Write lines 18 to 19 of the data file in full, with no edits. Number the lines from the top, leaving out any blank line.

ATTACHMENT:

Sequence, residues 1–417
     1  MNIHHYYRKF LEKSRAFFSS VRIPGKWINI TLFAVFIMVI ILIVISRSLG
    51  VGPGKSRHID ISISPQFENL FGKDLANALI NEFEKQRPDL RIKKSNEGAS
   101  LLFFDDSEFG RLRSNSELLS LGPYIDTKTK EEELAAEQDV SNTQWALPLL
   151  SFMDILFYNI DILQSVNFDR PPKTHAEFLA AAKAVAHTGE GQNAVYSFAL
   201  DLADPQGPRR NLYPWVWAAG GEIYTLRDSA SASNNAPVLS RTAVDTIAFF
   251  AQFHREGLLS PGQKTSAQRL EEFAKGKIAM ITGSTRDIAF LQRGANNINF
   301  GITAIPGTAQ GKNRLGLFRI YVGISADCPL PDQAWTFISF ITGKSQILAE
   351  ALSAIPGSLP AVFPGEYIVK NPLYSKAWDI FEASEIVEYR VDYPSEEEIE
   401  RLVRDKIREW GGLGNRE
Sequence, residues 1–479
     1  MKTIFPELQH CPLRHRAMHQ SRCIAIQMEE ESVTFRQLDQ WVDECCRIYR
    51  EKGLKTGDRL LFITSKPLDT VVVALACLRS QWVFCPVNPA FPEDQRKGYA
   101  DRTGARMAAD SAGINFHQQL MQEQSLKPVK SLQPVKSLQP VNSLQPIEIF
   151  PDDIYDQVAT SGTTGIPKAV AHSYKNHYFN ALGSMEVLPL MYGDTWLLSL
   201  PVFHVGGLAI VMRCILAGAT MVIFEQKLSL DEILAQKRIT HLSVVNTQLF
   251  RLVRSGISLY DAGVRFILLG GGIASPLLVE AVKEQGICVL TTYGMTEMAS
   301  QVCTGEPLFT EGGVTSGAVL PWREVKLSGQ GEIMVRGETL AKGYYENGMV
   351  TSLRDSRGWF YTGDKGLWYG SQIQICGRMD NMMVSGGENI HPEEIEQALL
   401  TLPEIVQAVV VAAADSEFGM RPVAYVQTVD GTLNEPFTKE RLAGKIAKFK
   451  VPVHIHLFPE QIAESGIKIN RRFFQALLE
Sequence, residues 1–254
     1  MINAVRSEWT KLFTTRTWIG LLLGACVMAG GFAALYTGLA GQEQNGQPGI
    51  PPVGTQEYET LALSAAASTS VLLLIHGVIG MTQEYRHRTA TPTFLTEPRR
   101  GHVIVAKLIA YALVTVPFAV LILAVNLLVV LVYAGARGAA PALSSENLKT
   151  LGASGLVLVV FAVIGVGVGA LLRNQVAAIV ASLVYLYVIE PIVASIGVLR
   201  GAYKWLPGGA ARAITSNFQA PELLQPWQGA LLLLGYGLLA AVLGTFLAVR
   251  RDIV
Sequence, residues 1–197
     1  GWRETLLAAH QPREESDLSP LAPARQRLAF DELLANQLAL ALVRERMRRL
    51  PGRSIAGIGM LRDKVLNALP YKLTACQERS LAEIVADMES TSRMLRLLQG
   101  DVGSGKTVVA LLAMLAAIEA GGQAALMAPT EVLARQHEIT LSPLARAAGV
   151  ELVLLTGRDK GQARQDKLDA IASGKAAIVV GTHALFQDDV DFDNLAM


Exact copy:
   301  QVCTGEPLFT EGGVTSGAVL PWREVKLSGQ GEIMVRGETL AKGYYENGMV
   351  TSLRDSRGWF YTGDKGLWYG SQIQICGRMD NMMVSGGENI HPEEIEQALL